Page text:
After the election, Democrats could not explain the inexplicable defeat of Hillary Clinton, who would be, they thought, the shoo-in winner in November. Over the next three months until Inauguration Day, progressives floated a variety of explanations for the Trump win—none of them, though, mentioned that the Clinton campaign had proven uninspired, tactically inept, and never voiced a message designed to appeal to the working classes.
When a particular exegesis of defeat failed to catch on, it was mostly dropped—and then replaced by a new narrative. We were told that the Electoral College wrongly nullified the popular vote—and that electors had a duty to renege on their obligations to vote for their respective state’s presidential winner.
Then followed the narrative of Trump’s racist dog-whistle appeals to the white working classes. When it was reported that Barack Obama had received a greater percentage of the white votes than did either John Kerry in 2004 or Hillary Clinton in 2016, the complaint of white chauvinism too faded.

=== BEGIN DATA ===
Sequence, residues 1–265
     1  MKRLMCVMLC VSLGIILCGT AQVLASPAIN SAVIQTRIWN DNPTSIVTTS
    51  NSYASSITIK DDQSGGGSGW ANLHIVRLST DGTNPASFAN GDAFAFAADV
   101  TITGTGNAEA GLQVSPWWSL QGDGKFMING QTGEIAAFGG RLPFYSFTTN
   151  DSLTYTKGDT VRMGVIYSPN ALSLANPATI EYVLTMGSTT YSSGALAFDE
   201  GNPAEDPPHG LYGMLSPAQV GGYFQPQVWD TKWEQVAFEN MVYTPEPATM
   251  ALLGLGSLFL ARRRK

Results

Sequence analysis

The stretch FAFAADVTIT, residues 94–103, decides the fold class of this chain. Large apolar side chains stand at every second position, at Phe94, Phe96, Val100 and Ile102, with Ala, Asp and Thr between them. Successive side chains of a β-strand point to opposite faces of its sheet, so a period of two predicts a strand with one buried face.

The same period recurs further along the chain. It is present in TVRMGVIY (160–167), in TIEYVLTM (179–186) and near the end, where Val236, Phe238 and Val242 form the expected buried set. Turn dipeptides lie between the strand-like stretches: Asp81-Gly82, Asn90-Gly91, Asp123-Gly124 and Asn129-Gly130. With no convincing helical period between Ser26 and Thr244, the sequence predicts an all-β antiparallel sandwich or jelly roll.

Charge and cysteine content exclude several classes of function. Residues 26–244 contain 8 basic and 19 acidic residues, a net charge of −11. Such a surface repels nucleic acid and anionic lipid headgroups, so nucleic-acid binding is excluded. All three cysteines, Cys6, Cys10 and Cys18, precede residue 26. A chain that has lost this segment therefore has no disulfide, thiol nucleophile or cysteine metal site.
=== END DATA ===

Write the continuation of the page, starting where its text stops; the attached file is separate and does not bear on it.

Then came the allegation that FBI Director James Comey had given the election to Trump by reopening the investigation of Hillary Clinton’s emails just days before Election Day. That fable too evaporated when it was acknowledged that Comey had earlier intervened to declare Clinton without culpability and would so again before November 8.
Then came the trope that Vladimir Putin’s hackers stole the election—on the theory that the Wikileaks revelations had turned off the electorate in a way the Clinton candidacy otherwise would not have. That storyline then evolved into the idea of Russian propagandists and Trump supporters variously peddling “fake news” to websites to promulgate myths and distortions—as a grand plan to Hillary Clinton and give Trump the election.